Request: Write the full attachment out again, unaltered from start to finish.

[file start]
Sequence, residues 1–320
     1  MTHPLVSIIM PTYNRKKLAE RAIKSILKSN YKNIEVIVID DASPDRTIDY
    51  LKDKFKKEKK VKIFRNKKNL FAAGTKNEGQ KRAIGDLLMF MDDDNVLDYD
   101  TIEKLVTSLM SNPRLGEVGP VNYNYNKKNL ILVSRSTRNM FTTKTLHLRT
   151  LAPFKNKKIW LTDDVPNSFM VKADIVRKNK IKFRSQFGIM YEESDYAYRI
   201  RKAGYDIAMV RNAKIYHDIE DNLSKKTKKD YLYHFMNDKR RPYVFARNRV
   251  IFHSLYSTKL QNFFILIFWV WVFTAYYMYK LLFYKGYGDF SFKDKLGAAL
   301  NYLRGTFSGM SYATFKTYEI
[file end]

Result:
Sequence, residues 1–320
     1  MTHPLVSIIM PTYNRKKLAE RAIKSILKSN YKNIEVIVID DASPDRTIDY
    51  LKDKFKKEKK VKIFRNKKNL FAAGTKNEGQ KRAIGDLLMF MDDDNVLDYD
   101  TIEKLVTSLM SNPRLGEVGP VNYNYNKKNL ILVSRSTRNM FTTKTLHLRT
   151  LAPFKNKKIW LTDDVPNSFM VKADIVRKNK IKFRSQFGIM YEESDYAYRI
   201  RKAGYDIAMV RNAKIYHDIE DNLSKKTKKD YLYHFMNDKR RPYVFARNRV
   251  IFHSLYSTKL QNFFILIFWV WVFTAYYMYK LLFYKGYGDF SFKDKLGAAL
   301  NYLRGTFSGM SYATFKTYEI